Why is Bank of America (NYSE:BAC) Stock Rising?
In light of the ongoing recession and continual bad economic news emerging from the Labor Department and Commerce Department, it’s definitely puzzling as to why Bank of America (NYSE:BAC) has become one of the investment darlings of Wall Street. There’s nothing happening to justify the confidence in the stock to warrant its surge in stock price since the beginning of the year, which now stands at about 8.4 percent.
Many of those writing on this odd phenomenon cite the love affair analysts and hedge funds are having with Bank of America, by pointing out they feel they are best positioned of all the banks to participate in the economic recovery. Of course there is no economic recovery yet, as we’ll get into in a little while, but supposedly that’s the underlying reason for optimism in the company.
Considering the huge exposure they still have to residential mortgages and re-sets this year, this doesn’t make sense even if there was in fact a real and sustainable recovery. Only Wells Fargo (NYSE:WFC) has close to as much exposure as Bank of America does to mortgage re-sets, and they haven’t been performing near as well – as far as stock price goes - as Bank of America, even though BofA has taken almost as many hits as Goldman Sachs (NYSE:GS) from the press. Wells Fargo has largely been given a free ride in comparison.
Here’s four reasons I think Bank of America is going up in price, none of which I think can continue on for a long time.
Hopes of Recovery
As already mentioned, those investing in and/or touting Bank of America as a great company are seemingly basing it on nothing other than the illusion we’re in a recovery and they’re positioned well to participate in it.
The problem with that, other than there not being a recovery, is some of the other banks are positioned just as well, if not better, and they’re not going up at the rate of Bank of America is with their stock price.
Now here’s one that I’m sure is part of the overall picture, and that is what I call “investor talk.” In the industry it’s called something else, but I don’t want to confuse anyone. Basically this means those that have a stake in the company talk it up at any chance they get in order to create a lot of interest in it, and give the impression it’s a must for investing in. It’s an old but effective trick, and one I think is happening concerning Bank of America.
Even though we’re in a high regulatory atmosphere, the fact that investors are bidding up the stock reveals they don’t think it will have serious consequences on Bank of America, or possibly they think the worst is over concerning regulations.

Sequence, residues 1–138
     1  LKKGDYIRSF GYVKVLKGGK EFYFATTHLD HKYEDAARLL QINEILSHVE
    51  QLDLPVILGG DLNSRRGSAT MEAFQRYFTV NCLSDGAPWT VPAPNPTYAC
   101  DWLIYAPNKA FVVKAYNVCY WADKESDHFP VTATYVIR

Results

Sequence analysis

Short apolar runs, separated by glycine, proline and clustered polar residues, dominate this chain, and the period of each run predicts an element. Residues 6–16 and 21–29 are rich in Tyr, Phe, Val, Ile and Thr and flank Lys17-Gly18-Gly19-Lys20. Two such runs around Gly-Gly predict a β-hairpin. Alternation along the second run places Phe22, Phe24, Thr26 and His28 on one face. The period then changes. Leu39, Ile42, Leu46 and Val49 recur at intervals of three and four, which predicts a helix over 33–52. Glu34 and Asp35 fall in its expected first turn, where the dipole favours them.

It would also speak to the so-called Volcker Rule, which has almost zero chance of being passed.
Investment Banking Unit
Speaking of the Volcker Rule or reinstating Glass-Steagall, it looks like there’s no chance of that happening, as the investment unit of any bank would be an important part of looking forward at the future performance of a company.
While Bank of America is okay with investment banking, they aren’t as experienced as Goldman Sachs, Morgan Stanley (NYSE:MS) or others. So I wouldn’t think this would be what is making it happen.
It may be possible investors are looking at the investment banking unit of BofA as having a lot of potential to drive revenue and profits, and it could be part of the reason the stock is increasing in price.
The top two reasons I’ve mentioned above would seem to be the primary movers of Bank of America’s stock, with an economic recovery being at the top of the list.
As I mentioned though, there really isn’t a recovery, regardless of what some are asserting, and that was again reinforced by data released from the Labor Department and Commerce Department yesterday.
Now let’s look at the largely dubious numbers released on the performance of the economy last quarter, where it was stated it had grown at a 5.7 percent clip.
The problem is almost all of that was in relationship to replenishing inventory and equipment. It had nothing to do with growth, but just keeping things level for businesses. I’m not aware of anybody that disputes this, and even if they did they would be incorrect.
Yesterday’s numbers from the Commerce Department confirm this as equipment orders were down significantly in January, as were orders for durable goods.
Add to that the Labor Department announcing there were 20,000 new employees applying for unemployment benefits for the first time, and you see the idea the economy is growing is imaginary and not real.
So as this applies to Bank of America, it seems they’re enjoying a increase in the price of their stock based on the hype and hope that we’re in an economic recovery and their poised to benefit greatly from it. As you can see, this is largely untrue, and so it remains to be seen how long this growth will last as the numbers keep rolling out through the year.
Get Analysts' Upgrades and Downgrades via Email - Stay on top of analysts' coverage with Analyst Ratings Network's FREE daily email newsletter that provides a concise list of analysts' upgrades and downgrades. Click here to register now.